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The Lion and the Lamb Paperback – November 18, 2016
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Albert Speer, a talented young German architect, thrilled at the opportunity to be close to Adolph Hitler. Through years of building the idealistic Reich that they both envisioned, Speer came to know not only Hitler the powerful leader, but also Hitler the man. As Nazism expanded across Europe, Hitler’s authority increased over many dominated peoples; people that Speer relied upon in his overseeing of Germany’s use of forced labor for producing armaments.
Corrie Ten Boom, the daughter of a Dutch watchmaker, witnessed the evil policies of the Nazi’s authority first-hand and responded by valiantly protecting Jews who were seeking to escape arrest, imprisonment, and death. Her Christian faith, and the steadfast example that her older sister set of forgiveness and dependence upon God’s power, enabled her to survive the horrors of a concentration camp where she was forced to labor for the Nazis.
The Lion and the Lamb weaves together these two lives in a masterfully written account providing a three-dimensional look at the struggles each faced during and after the Second World War; challenges with devotion, trust, purpose, and forgiveness. One is left wondering throughout the book which of the two is gaining or losing more. In the end, each survives, but only one gains an understanding of the true source of richness in this life.
Causey’s well-researched account of Speer’s role within the leadership of The Third Reich, and Ten-Boom’s suffering at the hands of those leaders are the focus of the book. But, the personalities of Hitler, Goering, Goebbels, Himmler, Hess, members of Corrie’s family, victims of the Holocaust, and prison guards are always close by providing the reader with a constant reason to consider each one’s motives and responses.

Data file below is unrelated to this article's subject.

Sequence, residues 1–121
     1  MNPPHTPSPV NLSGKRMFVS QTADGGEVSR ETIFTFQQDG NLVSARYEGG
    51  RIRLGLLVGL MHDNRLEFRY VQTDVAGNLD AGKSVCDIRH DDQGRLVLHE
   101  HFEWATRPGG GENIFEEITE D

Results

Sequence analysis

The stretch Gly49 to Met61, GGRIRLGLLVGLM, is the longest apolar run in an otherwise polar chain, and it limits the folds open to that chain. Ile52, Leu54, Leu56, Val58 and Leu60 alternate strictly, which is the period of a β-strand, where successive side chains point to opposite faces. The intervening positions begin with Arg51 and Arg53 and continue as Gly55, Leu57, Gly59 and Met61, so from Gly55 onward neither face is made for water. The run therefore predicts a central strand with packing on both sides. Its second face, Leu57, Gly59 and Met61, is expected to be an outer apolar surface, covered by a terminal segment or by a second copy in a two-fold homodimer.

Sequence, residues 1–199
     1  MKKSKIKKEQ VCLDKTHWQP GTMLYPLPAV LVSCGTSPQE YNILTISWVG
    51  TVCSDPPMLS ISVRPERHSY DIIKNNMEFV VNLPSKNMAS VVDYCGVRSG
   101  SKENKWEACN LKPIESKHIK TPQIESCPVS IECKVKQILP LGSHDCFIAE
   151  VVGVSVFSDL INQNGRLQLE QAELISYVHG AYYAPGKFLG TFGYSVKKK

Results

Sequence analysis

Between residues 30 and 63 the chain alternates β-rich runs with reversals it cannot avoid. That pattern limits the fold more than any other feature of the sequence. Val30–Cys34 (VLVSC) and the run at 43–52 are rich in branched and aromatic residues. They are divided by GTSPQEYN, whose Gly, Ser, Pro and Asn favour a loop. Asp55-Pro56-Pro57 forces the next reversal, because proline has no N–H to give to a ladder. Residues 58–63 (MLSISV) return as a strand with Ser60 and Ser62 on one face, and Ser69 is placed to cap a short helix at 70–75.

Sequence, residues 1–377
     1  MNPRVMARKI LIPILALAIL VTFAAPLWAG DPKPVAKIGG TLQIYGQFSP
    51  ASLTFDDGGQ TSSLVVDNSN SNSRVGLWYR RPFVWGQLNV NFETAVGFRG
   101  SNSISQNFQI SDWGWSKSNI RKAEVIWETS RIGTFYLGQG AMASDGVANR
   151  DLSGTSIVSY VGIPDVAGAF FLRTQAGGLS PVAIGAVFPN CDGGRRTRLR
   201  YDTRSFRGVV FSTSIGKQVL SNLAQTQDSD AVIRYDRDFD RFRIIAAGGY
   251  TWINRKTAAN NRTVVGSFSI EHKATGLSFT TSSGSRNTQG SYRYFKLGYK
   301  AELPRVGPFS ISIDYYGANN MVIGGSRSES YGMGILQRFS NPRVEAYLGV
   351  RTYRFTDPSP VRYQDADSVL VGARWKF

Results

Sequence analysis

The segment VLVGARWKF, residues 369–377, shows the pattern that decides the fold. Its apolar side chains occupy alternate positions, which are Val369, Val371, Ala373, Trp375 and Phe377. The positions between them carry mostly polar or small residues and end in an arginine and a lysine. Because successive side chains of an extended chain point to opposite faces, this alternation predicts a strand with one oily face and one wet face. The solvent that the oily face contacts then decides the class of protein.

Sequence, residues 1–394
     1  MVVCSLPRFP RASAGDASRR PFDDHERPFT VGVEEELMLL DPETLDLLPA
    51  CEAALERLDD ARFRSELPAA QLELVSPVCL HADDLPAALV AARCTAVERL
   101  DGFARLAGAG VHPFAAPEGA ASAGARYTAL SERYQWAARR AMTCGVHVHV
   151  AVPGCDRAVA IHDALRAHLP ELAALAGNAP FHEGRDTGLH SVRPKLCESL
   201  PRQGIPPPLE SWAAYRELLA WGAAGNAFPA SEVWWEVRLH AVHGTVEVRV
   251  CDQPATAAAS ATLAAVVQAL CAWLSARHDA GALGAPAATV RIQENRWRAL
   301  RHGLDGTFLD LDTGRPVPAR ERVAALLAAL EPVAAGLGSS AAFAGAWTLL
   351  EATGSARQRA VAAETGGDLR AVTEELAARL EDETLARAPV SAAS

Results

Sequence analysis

The Lion and the Lamb grabbed and held my attention while constantly providing a reason to consider questions that arose, not the least of which was, “Who is the lion and who is the lamb?” Worthy of discussion on multiple levels, this book left me marveling at the resiliency of the main characters caught in the turmoil of war. I look forward to giving copies of it as gifts!
Causey's knowledge and dedication to research is on full display through the detail in The Lion and the Lamb. Hard hitting is to see Nazi leaders humanized. Men with families, children, pets and personalities, they could often pass as 'normal' individuals were it not for the heinous crimes they were committing. This brutal reality forces readers to do away with that impersonal, comfortable view of evil - the sort embodied by Nazi monsters from which it is much easier to distance ourselves than the sort personified in human beings with whom we have uncomfortably much in common.
This is not a light book. The mind numbing statistics of millions of murdered lives - the gassed, the tortured, the poisoned, the shot, the diseased, the starved - are sharpened through the painfully intimate accounts of a few. Such intense suffering is nearly unimaginable, yet love is the beauty woven through these pages.
Let the tortured script of The Lion and the Lamb rip at your heart, rob your faith in humanity and force your hope and trust on Him whose love and justice conquers all.
This reader is fortunate to count himself a friend of the author and has devoured The Lion and the Lamb over his 'spring break'. He has found it so arresting and instructive he has since purchased additional copies as gifts, but wishes to warn readers that this book may rain on a vacation.
One of my favorite characters, Casper ten Boom, has an innate wisdom that’s familiar and kind. He taught young Corrie a couple valuable lessons that really stood out to me as I read the story, and became some of my favorite quotes from the book.
At one point, Corrie and her sister disagree on the morality of lying, despite the horrible situation they found themselves in and I actually had to stop and think about who was right. The amount of research and background study that has gone into this book is staggering and I challenge you to find a single spelling error. It is very well done and certainly worth buying, so if you’re on the fence, you should definitely pick up this literary gem.